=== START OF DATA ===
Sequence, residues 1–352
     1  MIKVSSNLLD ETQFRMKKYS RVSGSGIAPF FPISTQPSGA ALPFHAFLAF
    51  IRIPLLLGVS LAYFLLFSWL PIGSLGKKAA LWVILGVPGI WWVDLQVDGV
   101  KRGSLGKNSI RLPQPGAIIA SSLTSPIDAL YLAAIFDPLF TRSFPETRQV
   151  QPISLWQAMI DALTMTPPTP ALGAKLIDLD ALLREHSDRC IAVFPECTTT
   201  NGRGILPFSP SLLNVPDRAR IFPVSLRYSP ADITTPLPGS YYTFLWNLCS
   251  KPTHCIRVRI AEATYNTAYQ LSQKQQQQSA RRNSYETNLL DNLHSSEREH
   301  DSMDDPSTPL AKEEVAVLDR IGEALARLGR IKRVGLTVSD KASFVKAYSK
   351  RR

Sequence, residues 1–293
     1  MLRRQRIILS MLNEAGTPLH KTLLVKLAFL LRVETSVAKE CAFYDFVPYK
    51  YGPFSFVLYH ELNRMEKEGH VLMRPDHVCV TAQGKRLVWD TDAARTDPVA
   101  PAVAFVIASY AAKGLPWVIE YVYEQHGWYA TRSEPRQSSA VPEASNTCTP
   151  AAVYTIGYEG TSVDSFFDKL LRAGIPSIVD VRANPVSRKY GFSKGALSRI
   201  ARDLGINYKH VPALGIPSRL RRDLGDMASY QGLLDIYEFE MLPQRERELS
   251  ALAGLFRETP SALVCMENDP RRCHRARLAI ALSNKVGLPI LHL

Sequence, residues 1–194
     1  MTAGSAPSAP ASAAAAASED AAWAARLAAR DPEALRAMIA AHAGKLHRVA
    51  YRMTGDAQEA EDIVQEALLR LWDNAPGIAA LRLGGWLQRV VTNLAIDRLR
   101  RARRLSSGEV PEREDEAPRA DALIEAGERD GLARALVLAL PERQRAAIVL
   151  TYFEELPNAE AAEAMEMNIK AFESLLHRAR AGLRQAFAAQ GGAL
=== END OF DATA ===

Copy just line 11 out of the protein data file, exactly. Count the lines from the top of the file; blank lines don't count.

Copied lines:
     1  MLRRQRIILS MLNEAGTPLH KTLLVKLAFL LRVETSVAKE CAFYDFVPYK